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Aspirin, Selenium, and Cancer

During my flight to Seattle, the person seated next to me had his laptop open and was editing a highly technical medical document. I noticed some of the language in it, took a guess, and asked him, "Are you a cancer researcher at the Hutch?" ("The Hutch" is the nickname for the Fred Hutchinson Cancer Research Center in Seattle.) He replied that he was. I picked his brain about the latest news in the war on cancer.

He didn't talk about wonder cures or magic bullets, but he did talk about chemotherapy-type treatments with fewer side effects. More relevant to me (and most readers), he talked about research efforts focused on preventing cancer in the first place. Apparently the evidence for aspirin as an anti-cancer agent continues to grow. (A New England Journal of Medicine study linking daily aspirin use with lowered rates of polyps that could lead to colorectal cancer can be found here.) The other agent he discussed was selenium, which is being studied extensively for cancer-preventing qualities. (There's CNN coverage here, and more detailed information here.)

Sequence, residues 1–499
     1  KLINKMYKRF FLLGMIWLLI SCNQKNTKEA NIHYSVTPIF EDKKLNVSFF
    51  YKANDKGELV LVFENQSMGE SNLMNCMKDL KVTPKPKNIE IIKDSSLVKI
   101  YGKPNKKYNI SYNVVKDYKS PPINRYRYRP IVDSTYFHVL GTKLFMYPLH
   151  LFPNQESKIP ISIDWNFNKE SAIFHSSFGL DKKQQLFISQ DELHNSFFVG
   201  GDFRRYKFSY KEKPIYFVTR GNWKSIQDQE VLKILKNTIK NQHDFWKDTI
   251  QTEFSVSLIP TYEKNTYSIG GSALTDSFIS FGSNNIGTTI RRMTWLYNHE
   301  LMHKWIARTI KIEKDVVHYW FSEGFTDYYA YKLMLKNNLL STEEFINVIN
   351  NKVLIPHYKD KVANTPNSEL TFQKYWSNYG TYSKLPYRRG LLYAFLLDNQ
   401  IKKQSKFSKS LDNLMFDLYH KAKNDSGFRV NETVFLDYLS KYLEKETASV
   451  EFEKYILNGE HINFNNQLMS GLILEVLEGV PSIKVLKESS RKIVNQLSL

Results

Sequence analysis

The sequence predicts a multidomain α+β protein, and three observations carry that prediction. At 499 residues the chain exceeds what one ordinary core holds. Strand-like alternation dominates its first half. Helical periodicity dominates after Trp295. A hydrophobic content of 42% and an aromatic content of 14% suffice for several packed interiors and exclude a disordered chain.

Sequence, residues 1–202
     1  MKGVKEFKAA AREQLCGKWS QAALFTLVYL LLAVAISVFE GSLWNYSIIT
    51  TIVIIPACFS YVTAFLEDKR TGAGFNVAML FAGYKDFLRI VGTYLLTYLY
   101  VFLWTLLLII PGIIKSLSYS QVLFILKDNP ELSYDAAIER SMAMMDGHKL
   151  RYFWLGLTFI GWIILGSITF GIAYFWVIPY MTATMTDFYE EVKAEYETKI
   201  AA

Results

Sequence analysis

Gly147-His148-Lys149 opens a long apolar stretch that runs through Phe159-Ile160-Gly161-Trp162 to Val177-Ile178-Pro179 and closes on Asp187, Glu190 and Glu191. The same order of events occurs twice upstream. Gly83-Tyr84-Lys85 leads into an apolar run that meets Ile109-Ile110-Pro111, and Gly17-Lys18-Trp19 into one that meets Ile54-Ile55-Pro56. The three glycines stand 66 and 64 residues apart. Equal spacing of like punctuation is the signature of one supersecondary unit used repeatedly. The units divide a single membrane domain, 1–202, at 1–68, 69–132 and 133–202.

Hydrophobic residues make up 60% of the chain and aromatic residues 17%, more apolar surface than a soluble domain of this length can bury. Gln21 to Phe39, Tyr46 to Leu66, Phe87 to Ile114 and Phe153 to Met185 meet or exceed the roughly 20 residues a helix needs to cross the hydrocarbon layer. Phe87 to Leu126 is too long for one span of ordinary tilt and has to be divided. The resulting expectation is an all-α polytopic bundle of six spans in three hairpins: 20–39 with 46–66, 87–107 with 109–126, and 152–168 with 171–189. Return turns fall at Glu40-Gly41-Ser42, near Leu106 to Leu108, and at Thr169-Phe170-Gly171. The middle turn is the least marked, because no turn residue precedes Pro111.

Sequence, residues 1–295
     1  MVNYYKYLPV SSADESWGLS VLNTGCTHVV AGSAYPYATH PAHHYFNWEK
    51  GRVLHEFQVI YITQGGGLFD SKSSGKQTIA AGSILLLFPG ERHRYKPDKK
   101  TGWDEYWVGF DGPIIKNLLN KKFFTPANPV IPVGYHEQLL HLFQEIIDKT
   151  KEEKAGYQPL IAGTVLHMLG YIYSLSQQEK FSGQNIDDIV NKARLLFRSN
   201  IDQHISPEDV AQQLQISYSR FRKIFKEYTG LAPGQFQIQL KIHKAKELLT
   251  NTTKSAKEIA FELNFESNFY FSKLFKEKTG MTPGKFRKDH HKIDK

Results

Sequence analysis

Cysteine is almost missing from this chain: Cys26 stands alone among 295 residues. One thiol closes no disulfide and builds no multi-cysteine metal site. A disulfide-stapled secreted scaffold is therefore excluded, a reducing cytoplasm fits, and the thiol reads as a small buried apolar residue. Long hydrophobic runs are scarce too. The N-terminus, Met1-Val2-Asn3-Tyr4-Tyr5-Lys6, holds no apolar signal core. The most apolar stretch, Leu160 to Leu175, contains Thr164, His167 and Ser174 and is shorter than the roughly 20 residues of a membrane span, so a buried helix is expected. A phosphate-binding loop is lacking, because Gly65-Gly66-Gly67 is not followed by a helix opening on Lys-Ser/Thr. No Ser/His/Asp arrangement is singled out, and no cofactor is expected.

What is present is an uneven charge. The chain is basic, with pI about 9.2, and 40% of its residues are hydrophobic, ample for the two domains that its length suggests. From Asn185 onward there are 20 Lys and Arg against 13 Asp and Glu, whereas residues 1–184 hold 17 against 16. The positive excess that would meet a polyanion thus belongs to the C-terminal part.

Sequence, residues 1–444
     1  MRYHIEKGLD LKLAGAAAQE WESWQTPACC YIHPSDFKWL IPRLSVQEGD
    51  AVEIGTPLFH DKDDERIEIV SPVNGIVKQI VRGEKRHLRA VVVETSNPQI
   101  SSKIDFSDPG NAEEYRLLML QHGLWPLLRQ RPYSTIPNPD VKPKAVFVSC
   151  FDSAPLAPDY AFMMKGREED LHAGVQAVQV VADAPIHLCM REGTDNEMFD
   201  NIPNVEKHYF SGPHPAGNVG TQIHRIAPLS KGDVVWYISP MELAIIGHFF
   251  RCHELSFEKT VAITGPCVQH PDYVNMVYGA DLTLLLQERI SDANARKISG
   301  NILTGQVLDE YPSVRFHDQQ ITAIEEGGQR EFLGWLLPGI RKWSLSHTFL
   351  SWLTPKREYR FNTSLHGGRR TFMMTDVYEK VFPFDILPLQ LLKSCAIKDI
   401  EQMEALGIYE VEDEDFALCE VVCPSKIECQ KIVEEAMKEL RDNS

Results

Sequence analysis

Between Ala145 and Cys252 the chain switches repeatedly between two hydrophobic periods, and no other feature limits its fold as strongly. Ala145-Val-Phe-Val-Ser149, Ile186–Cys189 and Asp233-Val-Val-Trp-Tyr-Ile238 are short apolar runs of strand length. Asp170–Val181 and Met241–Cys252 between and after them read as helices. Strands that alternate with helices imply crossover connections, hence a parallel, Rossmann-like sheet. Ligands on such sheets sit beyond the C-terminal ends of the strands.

His bottom line was that he takes an aspirin a day, for its effects in preventing both heart disease and cancer, and that he doesn't take a selenium supplement because he gets enough in his diet and from the environment, but if that weren't the case, he would take selenium daily. I'm already using aspirin but will add selenium to my repertoire, unless I'm already getting enough of it (200 micrograms) in my multivitamin, which I'll check when I return home.

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